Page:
Anti-money laundering laws contribute to “de-banking” for the vulnerable

By Jorge Jraissati, Director of Alumni For Liberty, an international network with over 10,000 youth leaders from 139 countries, and economist at IESE Business School.

All citizens, regardless of their country of origin, should have the right to banking in the European Union. However, this is not the case, and certainly immigrants are facing major challenges here.

Currently, millions of Latin American immigrants in the European Union face significant barriers in the financial sphere, as they are excluded from basic banking services, including the inability to open bank accounts.

This practice often occurs in countries such as Italy, Greece, and Spain. In these European Union member states, this financial hurdle is not limited solely to immigrants without legal status but persists even for individuals that have obtained employment and residency status.

For those immigrants that still do not have a defined legal status, the lack of access to a bank account becomes an additional obstacle on their path to legalization. In many cases, opening a bank account is an essential requirement for formalizing their legal status in the new country. This situation creates a vicious circle that hinders the full integration of these individuals into their communities.

Anti-money laundering laws at the core of it all

The financial exclusion of migrants from the region where I come from, Latin America, but also from other places, results from the misapplication of a set of financial regulations known as “AML/CFT”, which stands for “anti-money laundering and combating the financing of terrorism” (AML/CFT). As the name suggests, these regulations were originally created to address money laundering.

Due to the expanding web of AML/CFT banking regulations, the financial system is progressively becoming less inclusive, especially against people from “high-risk” countries, like for example my own native Venezuela. These citizens encounter significant challenges to open bank accounts in the European Union. Simply because they come from riskier countries, banks are pushed to deny them bank accounts. As a result, millions of people are being excluded from traditional financial instruments, compelling them to engage with less secure financial tools.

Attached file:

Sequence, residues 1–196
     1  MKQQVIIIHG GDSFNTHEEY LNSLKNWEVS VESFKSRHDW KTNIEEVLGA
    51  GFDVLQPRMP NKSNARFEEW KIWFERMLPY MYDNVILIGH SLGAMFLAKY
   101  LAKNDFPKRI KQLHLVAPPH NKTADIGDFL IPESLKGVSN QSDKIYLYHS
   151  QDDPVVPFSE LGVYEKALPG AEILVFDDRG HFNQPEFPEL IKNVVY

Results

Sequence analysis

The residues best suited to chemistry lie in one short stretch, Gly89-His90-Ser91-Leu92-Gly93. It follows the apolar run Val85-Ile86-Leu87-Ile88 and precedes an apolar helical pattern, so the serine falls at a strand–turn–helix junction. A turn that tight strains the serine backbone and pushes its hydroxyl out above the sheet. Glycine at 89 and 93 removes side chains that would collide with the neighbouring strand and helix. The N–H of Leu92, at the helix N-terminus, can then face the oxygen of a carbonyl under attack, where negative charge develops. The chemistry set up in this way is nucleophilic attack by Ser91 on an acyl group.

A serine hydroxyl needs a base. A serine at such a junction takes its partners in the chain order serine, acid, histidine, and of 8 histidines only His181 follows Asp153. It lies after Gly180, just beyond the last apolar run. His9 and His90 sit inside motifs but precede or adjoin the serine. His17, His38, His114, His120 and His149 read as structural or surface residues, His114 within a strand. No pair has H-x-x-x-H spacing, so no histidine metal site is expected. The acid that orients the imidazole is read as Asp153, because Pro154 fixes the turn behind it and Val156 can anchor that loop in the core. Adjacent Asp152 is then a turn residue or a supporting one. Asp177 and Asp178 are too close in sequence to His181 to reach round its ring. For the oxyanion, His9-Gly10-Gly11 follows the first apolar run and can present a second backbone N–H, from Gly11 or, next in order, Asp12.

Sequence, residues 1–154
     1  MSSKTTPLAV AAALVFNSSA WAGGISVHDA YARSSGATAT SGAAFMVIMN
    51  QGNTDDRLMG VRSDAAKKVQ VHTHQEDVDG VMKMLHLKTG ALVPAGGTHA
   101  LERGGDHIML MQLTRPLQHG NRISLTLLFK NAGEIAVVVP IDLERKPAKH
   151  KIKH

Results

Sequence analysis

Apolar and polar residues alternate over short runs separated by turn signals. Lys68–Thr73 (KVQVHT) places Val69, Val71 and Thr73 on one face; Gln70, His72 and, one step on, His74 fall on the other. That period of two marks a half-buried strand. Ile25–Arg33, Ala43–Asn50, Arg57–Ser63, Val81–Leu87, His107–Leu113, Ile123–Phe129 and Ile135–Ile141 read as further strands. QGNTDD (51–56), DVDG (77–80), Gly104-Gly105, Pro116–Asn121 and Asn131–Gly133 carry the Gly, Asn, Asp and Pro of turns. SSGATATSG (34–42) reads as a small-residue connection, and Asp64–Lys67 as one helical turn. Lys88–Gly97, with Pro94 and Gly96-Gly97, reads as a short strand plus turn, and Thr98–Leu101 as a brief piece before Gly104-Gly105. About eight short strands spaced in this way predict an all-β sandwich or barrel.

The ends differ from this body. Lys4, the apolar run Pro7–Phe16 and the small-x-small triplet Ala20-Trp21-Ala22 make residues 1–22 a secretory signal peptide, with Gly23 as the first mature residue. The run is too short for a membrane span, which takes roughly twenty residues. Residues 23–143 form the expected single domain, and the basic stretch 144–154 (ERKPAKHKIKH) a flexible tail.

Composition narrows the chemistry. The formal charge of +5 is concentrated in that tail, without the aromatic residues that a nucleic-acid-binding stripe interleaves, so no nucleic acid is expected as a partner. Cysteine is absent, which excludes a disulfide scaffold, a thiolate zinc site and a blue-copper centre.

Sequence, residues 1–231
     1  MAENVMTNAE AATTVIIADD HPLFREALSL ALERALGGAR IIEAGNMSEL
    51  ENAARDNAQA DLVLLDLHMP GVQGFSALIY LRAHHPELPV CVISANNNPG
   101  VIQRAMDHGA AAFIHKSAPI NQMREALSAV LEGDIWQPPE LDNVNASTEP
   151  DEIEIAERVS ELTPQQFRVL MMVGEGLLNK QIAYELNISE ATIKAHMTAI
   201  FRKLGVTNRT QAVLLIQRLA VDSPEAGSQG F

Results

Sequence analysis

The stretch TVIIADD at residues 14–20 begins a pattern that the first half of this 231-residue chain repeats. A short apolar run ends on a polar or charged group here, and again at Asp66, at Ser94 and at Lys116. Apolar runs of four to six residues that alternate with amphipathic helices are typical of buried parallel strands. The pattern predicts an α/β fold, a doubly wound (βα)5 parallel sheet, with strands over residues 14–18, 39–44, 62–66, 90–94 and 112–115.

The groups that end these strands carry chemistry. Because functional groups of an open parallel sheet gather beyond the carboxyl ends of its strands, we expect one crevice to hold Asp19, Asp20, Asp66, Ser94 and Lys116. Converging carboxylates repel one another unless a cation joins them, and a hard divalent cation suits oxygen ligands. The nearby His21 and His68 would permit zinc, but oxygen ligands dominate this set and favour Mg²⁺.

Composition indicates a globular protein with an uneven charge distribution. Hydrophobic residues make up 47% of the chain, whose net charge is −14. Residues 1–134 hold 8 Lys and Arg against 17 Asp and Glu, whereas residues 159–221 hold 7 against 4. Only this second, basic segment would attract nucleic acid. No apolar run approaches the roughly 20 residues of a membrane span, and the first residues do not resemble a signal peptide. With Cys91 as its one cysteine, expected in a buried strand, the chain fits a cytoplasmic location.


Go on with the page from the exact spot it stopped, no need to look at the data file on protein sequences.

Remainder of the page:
Financially excluding these immigrants not only impacts the people directly involved but also has broader negative consequences for society as a whole. By financially marginalizing these citizens, these countries are condemning them to be unable to secure formal jobs and get housing through traditional means. It thereby deprives them of opportunities to become productive members of society, condemning them to the informal economy, and perpetuating unacceptable levels of poverty. 

An unknown problem

 Last week, I had the opportunity to go to the European Parliament in Brussels on behalf of my organization, Alumni For Liberty. We are a global network with over ten thousand young leaders in 139 countries. I was accompanied by two members of our network, Felix Hoose from Germany and Raul Carrasco from Spain. We arrived with the goal of discussing this issue with members of parliament, understanding their opinions on the matter, and presenting our reform proposal.

In our diplomatic mission, we found that most parliamentarians are not aware of this situation. They do not understand the origin of this problem or its magnitude. Fortunately, many of them expressed their intention to help us and support our ideas to address this issue.

With Alumni For Liberty, our proposal is clear: we advocate for a financial reform in the European Union that ensures the inclusion of all citizens, regardless of their country of origin. We are working with parliamentarians from different political groups as well as banking representatives to create specific legal mechanisms to ensure the financial inclusion of all immigrants in Europe.

This public policy is not just an act of justice but a contribution to the development and prosperity of the European Union member states. By ensuring that all citizens have access to basic financial services, we are building a solid foundation for a more inclusive, productive, and transparent society.

The financial inclusion of immigrants is a smart strategy to foster cohesive and prosperous societies. With this reform, we will take a step forward in making all immigrants self-sufficient and productive members of society, contributing to the economic performance and innovation targets of the European Union.


This article was originally published in Spanish by Hercules magazine.

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